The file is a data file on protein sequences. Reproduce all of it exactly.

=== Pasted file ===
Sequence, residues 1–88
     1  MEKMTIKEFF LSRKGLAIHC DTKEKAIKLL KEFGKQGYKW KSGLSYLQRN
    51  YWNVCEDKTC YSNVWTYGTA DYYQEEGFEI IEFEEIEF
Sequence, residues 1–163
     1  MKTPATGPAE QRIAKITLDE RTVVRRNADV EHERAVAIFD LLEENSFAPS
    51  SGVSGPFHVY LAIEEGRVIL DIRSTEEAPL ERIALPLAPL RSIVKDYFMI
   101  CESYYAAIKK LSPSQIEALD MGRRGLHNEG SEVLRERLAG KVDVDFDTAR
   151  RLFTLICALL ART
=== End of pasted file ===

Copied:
Sequence, residues 1–88
     1  MEKMTIKEFF LSRKGLAIHC DTKEKAIKLL KEFGKQGYKW KSGLSYLQRN
    51  YWNVCEDKTC YSNVWTYGTA DYYQEEGFEI IEFEEIEF
Sequence, residues 1–163
     1  MKTPATGPAE QRIAKITLDE RTVVRRNADV EHERAVAIFD LLEENSFAPS
    51  SGVSGPFHVY LAIEEGRVIL DIRSTEEAPL ERIALPLAPL RSIVKDYFMI
   101  CESYYAAIKK LSPSQIEALD MGRRGLHNEG SEVLRERLAG KVDVDFDTAR
   151  RLFTLICALL ART